|Title||Signpost (Weber, Utah), 1971-10-01, Vol. 31, No. 2|
|Creator||Weber State College|
|Contributors||Associated Students of Weber College; A generous grant from the Utah State Library and the Institute of Museum and Library Services.|
|Description||Weber's current student newspaper, the Signpost, first appeared on September 29, 1937. For two years prior to that time, campus news was disseminated via announcements posted on a bulletin board known as the "Signpost". As a result, the masthead of the first issue of the paper itself featured a rudimentary wooden sign with the title spelled out in rustic-looking letters. Over the years the paper has been published continuously, though the look, size and style has changed several times.|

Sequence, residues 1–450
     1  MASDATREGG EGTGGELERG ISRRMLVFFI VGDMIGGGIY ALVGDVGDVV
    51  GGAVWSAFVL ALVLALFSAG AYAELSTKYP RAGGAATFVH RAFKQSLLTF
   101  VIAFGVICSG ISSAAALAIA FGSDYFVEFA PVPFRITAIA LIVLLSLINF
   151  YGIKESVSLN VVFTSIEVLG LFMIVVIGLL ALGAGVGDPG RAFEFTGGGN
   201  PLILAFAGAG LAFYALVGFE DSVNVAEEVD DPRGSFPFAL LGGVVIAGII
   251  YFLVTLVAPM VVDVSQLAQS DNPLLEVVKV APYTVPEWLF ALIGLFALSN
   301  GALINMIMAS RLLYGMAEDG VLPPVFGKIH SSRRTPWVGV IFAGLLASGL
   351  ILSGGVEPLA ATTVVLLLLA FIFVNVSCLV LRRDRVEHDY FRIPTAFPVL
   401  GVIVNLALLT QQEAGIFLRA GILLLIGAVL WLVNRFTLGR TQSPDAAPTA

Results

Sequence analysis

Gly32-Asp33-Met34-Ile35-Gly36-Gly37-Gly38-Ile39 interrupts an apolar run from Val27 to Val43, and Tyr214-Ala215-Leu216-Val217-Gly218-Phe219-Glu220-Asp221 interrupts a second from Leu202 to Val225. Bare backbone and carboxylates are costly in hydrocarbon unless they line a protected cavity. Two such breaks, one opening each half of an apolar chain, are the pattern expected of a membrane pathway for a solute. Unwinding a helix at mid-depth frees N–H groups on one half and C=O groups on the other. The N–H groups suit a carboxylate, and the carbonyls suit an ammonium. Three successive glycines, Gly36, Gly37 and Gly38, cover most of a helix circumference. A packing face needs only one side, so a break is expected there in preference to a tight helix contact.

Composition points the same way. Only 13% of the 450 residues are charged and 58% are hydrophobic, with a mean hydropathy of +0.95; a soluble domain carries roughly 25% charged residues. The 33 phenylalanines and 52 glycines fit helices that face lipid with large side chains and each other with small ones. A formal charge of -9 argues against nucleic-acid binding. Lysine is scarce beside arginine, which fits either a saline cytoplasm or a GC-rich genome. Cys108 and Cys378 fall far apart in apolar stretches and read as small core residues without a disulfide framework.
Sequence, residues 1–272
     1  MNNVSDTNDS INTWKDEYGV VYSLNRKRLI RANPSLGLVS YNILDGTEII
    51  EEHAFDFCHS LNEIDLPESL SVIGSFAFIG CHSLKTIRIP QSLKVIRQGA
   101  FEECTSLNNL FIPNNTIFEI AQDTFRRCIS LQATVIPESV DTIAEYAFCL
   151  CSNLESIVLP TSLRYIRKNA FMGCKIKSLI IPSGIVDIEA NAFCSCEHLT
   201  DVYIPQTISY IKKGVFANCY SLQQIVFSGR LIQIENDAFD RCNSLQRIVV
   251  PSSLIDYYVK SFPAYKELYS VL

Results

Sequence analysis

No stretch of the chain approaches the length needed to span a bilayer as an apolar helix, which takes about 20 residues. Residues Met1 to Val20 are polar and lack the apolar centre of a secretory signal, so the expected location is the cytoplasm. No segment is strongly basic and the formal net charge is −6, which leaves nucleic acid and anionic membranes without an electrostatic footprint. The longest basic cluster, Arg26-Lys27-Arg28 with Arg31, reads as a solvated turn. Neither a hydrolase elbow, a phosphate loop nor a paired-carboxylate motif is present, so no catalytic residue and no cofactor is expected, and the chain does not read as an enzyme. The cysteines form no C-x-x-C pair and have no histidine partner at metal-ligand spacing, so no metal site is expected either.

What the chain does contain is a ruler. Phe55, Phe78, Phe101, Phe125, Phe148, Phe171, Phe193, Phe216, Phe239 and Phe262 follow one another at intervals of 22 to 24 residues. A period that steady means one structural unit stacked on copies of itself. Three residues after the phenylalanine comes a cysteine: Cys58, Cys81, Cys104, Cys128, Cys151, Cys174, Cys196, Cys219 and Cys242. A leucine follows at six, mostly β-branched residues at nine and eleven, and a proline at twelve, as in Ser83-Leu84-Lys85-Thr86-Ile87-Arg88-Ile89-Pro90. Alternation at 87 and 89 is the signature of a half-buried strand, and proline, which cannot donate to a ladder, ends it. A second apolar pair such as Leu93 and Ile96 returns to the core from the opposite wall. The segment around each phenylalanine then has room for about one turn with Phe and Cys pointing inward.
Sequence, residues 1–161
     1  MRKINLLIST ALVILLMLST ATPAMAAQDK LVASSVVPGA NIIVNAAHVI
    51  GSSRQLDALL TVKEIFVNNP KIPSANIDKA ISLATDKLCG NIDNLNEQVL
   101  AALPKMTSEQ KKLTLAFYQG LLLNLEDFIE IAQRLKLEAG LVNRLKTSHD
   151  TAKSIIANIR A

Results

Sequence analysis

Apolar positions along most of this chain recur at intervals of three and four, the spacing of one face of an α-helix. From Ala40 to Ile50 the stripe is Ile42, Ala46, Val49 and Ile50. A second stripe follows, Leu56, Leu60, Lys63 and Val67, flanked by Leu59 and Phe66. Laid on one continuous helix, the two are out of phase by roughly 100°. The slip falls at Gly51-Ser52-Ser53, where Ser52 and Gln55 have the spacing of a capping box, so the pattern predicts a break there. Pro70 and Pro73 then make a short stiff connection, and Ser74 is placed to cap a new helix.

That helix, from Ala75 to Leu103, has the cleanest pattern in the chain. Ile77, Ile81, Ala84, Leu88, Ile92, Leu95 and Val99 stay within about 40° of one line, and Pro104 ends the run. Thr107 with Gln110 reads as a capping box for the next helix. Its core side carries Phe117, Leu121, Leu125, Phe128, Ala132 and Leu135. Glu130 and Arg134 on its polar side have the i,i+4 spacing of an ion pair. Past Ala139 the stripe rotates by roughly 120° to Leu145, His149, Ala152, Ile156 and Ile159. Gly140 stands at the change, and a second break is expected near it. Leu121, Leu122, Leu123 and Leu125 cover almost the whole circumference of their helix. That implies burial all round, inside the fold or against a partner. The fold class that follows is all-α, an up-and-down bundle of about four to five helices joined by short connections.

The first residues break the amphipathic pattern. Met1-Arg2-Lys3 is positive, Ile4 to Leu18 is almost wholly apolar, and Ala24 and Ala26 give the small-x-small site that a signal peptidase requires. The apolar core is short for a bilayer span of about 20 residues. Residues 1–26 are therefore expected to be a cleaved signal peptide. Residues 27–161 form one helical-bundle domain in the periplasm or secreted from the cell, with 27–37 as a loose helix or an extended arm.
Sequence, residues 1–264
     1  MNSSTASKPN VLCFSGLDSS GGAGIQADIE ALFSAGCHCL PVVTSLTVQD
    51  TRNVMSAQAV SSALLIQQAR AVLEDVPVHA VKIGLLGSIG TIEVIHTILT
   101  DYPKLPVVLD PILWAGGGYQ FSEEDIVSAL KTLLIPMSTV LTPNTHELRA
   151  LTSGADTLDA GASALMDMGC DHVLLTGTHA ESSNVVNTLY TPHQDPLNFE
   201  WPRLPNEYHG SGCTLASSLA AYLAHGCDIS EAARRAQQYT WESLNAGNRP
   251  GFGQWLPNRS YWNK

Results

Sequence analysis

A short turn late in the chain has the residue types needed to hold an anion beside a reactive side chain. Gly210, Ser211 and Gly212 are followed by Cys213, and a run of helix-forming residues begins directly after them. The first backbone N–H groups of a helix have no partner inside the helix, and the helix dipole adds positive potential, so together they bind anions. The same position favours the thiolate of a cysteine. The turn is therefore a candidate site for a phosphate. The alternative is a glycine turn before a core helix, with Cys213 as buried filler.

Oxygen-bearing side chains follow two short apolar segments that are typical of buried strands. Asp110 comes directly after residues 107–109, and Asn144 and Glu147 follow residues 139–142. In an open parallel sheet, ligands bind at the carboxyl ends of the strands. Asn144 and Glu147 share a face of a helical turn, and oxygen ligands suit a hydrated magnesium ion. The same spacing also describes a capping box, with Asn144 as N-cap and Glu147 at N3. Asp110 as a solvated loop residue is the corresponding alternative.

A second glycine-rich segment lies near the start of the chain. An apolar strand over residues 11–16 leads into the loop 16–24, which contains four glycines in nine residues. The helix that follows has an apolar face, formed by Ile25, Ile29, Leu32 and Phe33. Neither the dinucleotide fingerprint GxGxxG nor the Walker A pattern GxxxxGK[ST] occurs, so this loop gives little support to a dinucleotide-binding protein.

|Subject||College student newspapers and periodicals; Weber State College|
|Publisher Digital||Stewart Library, Weber State University|
|Source||University Archives LD5893.W55 S5, Stewart Library, Weber State University|
|Rights Management||Public Domain. Courtesy of University Archives, Stewart Library, Weber State University.|